We are a little over a month away from the release of Madden NFL 23, and today, EA released a franchise deep dive discussing some of the changes made to the mode:
There is also a Gridiron Notes blog detailing the improvements, but we’d recommend watching the video to get a better understanding and see them in action. This article is essentially a brief of the primary details—which appear to be a big step in the right direction.
The biggest difference between this year’s Madden and previous editions of the game is probably the added realism to free agency, and that fits well with how the actual league has shifted in recent offseasons. For those who watched the video, you’ll know EA revamped the entire visual aspect of franchise mode with a team-specific branding, and that should lead to increased immersion.
That’s of course a minor detail with full-fledged realism being the goal—but the bigger changes help accomplish that with features like Player Motivations (ex: Jarvis Landry wanting to play close to home), Player Tags (ex: a rookie wideout drafted in the first round being boosted on the depth chart compared to teammates with a similar rating), and Rollover Cap (having unused cap space carry over to the next year).
Again, you can watch the video and/or read the Gridiron Notes for full details—with the latter providing a description for each category of Player Motivations and Player Tags.
Free agency and the draft are the two pillars of the NFL offseason, so it’s great that EA led off with those areas as the primary focus of franchise mode additions.
For scouting, it’s exciting to have Generational Prospects as one of the new labels for college prospects. In the Gridiron Notes, this is described as “templates based on once in a generation prospects that take the league by storm” that will be “rated incredibly high by prospect standards.” If a balance is struck to not have too many of these prospects (maybe once every three years), it can really help increase the realism for those playing long-running franchises that span multiple years or even decades.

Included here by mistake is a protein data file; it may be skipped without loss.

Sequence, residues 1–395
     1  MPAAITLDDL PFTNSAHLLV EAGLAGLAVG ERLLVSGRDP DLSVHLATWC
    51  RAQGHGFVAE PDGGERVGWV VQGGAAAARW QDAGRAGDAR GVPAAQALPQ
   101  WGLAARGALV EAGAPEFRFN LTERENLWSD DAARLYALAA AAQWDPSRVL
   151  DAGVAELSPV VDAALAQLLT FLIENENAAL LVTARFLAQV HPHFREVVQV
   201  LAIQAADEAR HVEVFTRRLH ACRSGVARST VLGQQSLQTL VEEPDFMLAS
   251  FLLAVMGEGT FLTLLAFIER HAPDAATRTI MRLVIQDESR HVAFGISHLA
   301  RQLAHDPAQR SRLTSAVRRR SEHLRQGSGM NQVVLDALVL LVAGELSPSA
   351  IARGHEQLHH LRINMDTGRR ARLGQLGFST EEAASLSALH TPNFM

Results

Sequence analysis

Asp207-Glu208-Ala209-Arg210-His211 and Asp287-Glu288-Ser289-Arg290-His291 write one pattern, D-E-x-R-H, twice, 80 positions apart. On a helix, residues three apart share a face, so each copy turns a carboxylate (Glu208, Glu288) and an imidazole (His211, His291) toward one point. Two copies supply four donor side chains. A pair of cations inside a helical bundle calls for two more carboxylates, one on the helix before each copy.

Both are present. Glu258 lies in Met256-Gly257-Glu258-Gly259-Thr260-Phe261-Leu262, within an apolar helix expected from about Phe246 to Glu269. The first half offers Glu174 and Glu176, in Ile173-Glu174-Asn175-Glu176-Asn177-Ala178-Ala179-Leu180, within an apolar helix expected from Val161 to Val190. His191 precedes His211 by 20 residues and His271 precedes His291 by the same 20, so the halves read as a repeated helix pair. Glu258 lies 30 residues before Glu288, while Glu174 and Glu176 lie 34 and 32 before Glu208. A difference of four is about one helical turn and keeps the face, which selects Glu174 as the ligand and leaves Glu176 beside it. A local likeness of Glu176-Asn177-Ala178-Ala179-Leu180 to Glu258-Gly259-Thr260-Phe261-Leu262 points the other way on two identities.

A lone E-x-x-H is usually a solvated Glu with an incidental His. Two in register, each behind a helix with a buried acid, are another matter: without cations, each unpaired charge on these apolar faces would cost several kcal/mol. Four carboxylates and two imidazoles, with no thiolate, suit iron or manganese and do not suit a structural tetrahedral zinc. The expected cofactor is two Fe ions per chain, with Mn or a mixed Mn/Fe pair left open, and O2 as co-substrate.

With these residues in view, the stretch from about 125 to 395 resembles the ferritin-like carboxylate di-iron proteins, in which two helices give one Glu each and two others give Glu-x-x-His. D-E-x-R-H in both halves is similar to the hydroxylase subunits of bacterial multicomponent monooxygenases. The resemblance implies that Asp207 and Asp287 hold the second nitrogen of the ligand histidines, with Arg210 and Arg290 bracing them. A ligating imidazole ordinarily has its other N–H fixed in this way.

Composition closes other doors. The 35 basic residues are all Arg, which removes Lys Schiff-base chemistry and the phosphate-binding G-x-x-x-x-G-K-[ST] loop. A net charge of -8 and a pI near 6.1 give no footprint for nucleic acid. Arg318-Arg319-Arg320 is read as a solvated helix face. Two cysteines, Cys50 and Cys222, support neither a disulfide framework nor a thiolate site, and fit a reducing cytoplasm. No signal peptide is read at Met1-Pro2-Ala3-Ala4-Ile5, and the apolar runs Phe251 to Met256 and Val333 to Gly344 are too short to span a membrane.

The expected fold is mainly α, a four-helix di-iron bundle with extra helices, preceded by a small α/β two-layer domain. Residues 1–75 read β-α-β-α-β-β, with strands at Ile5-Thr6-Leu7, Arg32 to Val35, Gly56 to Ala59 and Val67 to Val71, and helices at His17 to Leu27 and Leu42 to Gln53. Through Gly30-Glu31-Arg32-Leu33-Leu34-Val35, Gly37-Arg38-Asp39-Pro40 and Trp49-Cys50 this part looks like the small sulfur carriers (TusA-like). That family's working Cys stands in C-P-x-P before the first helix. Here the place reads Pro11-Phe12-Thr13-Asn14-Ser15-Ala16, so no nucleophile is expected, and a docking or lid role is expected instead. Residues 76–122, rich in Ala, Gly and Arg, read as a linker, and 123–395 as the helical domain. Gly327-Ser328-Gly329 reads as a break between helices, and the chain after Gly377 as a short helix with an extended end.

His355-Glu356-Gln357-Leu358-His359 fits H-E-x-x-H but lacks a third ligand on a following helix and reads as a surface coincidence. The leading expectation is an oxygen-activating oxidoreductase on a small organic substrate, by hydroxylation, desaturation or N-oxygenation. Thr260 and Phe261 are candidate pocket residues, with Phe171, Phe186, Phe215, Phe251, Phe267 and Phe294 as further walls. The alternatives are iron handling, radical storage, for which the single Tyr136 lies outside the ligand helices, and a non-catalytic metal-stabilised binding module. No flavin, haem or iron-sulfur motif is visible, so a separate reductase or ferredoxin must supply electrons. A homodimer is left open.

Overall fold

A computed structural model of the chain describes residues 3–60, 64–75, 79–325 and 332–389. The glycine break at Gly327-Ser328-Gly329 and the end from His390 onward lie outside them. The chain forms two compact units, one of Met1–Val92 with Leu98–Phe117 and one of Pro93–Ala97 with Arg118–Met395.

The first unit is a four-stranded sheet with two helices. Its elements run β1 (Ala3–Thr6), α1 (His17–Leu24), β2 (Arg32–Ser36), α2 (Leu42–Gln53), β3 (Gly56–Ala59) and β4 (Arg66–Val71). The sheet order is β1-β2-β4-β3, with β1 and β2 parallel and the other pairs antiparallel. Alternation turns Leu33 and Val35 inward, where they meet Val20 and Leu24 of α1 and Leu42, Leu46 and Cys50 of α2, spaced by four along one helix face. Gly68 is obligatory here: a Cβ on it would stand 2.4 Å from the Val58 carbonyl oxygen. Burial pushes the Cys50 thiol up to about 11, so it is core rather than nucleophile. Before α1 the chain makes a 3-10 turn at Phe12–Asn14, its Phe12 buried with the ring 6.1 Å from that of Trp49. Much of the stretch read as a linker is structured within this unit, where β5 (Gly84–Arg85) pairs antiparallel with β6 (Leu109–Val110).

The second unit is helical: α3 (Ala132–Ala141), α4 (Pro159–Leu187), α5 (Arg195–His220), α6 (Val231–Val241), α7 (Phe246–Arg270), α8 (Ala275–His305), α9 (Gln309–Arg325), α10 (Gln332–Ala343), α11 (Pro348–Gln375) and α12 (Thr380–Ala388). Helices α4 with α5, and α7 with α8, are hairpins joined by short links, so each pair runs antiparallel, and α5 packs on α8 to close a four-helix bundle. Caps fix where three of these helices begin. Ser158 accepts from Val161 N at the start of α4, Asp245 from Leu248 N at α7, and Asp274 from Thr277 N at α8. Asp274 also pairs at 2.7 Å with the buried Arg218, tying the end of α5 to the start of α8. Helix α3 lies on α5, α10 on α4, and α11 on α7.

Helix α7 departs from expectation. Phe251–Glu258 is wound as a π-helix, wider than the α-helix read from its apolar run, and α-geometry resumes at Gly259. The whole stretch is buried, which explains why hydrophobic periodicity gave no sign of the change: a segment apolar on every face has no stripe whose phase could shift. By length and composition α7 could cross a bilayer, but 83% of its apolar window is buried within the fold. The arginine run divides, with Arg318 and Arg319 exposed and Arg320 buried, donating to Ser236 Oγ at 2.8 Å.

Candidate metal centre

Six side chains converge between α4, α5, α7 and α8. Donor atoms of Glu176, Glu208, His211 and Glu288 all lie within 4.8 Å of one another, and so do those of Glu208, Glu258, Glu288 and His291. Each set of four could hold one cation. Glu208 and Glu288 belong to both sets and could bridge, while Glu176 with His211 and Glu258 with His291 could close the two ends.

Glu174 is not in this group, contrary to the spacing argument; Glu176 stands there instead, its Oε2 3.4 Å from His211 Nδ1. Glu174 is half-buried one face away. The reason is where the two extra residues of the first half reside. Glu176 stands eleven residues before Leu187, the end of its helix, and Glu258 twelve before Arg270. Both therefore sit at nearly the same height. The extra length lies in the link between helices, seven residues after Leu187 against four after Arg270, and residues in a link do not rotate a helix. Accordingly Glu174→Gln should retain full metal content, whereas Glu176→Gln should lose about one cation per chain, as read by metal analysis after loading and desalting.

There are also 99 Club Prospects (players that excel at a specific skill; ex: 99 Throw Power), High Variance Prospects (“boom or bust” players), and Specialist Prospects (ex: an edge rusher that lacks size).
Immersion and Tuning
The primary category here is Draft and Trade Logic—with the goal being to create “more intelligent and authentic decisions” based on the landscape of the team. The example provided in the video was Jacksonville not being in consideration to draft a quarterback with former No. 1 overall pick Trevor Lawrence on the roster.
Awards Tuning is another change made to create a more realistic mode by ensuring “the most deserving players are winning” awards such as MVP. Questionable award winners seem to be a common complaint regarding various sports video games, so hopefully EA was able to fix the logic for Madden 23.
Finally, trading has been streamlined by allowing users to construct one side of a trade (ex: wanting to trade away Andre Dillard or wanting to trade for Jimmy Garoppolo) and having trade packages automatically generated from computer teams.
Overall, it is good to see effort was put into improving franchise mode in Madden 23. With some positives from the early look at gameplay, and from those that were able to play the beta, the game looks like a potential positive leap forward for a series that’s drawn heavy criticism in recent years.